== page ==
Disease-modifying antirheumatic drugs (DMARDs): These medications help slow down the progression of rheumatoid arthritis by suppressing the immune response and reducing inflammation. Methotrexate is commonly prescribed as a first-line DMARD.

NSAIDs

Nonsteroidal anti-inflammatory drugs (NSAIDs): NSAIDs provide temporary relief from pain and inflammation associated with rheumatoid arthritis. However, they do not alter the course of the disease.

Corticosteroids

Corticosteroids are powerful anti-inflammatory medications, and they can feel like ‘magic’ in how quickly they reduce inflammation and pain. They come with very serious side effects, however, and therefore they should only be prescribed for short periods to rapidly control a ‘flare up’.  Some people, with serious disease that does not respond to other treatments, take corticosteroids long term. In this circumstance, it is always the goal to take the lowset possible dose.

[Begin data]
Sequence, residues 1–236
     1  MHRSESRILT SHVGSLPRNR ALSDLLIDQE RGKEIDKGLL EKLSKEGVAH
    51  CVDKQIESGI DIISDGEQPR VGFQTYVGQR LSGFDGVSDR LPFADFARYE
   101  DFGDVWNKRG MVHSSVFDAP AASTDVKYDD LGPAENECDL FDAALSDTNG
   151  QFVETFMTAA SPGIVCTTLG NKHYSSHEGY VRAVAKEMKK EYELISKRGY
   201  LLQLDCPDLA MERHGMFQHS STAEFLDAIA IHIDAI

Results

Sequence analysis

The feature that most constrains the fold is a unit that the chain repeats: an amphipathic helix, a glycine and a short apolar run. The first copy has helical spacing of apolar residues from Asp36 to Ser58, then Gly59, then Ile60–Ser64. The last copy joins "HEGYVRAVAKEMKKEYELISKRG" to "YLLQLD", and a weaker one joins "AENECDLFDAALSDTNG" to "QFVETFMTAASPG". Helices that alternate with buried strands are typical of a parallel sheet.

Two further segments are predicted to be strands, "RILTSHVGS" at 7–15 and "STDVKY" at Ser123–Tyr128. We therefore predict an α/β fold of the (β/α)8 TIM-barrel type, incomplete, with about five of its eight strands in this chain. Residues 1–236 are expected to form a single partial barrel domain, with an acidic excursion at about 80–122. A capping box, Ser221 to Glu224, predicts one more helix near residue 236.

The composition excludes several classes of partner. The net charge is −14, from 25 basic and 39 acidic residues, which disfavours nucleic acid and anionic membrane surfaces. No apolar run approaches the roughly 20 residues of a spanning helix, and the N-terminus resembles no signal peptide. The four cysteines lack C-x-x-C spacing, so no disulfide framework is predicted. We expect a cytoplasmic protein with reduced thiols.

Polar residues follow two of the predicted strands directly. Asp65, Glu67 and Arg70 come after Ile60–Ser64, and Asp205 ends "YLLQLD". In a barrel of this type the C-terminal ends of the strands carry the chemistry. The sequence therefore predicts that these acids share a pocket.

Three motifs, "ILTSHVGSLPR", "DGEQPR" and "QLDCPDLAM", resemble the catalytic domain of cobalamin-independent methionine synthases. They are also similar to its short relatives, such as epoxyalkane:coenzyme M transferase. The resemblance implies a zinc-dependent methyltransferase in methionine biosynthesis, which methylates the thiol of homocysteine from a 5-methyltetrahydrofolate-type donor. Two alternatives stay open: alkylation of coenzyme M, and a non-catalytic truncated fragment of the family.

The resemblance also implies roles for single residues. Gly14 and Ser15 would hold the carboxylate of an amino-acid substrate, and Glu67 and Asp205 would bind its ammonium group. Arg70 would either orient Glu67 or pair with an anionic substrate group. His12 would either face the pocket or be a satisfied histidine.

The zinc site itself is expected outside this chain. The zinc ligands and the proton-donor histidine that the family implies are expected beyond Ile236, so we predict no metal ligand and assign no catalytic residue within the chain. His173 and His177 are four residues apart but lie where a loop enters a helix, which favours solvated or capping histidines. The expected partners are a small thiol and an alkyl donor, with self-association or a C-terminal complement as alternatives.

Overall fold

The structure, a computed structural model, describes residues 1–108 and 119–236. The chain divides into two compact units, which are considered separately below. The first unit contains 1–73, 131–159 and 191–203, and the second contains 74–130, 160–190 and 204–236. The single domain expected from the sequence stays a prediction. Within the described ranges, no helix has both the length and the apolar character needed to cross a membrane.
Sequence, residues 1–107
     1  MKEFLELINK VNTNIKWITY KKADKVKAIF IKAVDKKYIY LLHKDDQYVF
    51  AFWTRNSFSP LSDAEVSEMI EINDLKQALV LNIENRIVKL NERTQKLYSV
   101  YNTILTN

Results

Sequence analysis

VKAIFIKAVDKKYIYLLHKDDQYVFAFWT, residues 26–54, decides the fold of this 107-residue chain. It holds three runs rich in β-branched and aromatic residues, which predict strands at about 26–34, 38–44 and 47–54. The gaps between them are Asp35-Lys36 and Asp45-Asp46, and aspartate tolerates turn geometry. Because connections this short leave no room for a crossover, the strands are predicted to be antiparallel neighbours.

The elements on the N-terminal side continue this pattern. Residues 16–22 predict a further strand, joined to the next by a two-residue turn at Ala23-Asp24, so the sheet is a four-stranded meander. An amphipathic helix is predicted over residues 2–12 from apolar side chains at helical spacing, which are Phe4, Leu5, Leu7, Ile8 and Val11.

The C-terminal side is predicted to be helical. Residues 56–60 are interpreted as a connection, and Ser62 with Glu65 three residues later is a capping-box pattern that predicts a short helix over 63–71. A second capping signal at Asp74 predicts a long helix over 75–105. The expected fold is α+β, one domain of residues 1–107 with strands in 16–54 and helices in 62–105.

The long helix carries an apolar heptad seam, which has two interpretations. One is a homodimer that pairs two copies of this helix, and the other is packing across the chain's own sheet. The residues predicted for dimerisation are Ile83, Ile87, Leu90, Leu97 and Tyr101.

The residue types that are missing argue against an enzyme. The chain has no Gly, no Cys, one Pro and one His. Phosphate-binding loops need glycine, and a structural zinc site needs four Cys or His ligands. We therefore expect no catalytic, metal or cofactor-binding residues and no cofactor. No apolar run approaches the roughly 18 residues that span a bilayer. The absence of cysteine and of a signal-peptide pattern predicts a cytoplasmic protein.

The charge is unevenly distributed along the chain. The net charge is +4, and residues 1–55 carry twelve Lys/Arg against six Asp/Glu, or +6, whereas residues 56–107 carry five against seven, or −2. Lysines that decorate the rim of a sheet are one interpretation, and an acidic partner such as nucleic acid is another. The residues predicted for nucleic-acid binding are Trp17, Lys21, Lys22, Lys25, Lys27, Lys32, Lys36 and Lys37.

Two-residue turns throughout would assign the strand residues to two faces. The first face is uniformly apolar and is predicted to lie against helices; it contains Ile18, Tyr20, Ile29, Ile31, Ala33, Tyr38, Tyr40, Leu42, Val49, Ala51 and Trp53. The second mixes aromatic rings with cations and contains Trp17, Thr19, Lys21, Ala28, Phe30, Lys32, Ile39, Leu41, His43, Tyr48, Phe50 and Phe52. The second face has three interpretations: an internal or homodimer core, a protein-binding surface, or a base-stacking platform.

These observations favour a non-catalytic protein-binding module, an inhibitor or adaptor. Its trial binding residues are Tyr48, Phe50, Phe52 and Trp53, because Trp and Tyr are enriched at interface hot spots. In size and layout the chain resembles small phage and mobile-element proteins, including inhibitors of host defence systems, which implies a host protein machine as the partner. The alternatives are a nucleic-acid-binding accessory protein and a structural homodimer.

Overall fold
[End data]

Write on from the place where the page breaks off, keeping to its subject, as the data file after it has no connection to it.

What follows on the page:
Pain medication  – simple analgesics

Simple analgesics or over-the-the-counter pain medications, such as acetaminophen paracetamol (acetaminophen), can be used to relieve mild to moderate pain in RA. They do not have anti-inflammatory properties but can help with pain management.

Pain medication – opioids

Opioid medications, such as codeine or oxycodone, may be prescribed for severe pain that is not adequately controlled by other pain medications.  Rheumatoid arthritis can cause severe pain, and no other medications help for severe pain other than opioids. Its important to remember that opioids do carry the risk of dependence, though this risk is low when people are properly educated in the safe use of opioid and take the as prescribed.  Like corticosteroids, ideally opioids would only be needed occasionally and for short periods, but the reality is that some people have severe pain every day, and opioids do provide a safe and effective way to manage that pain, when well-monitored.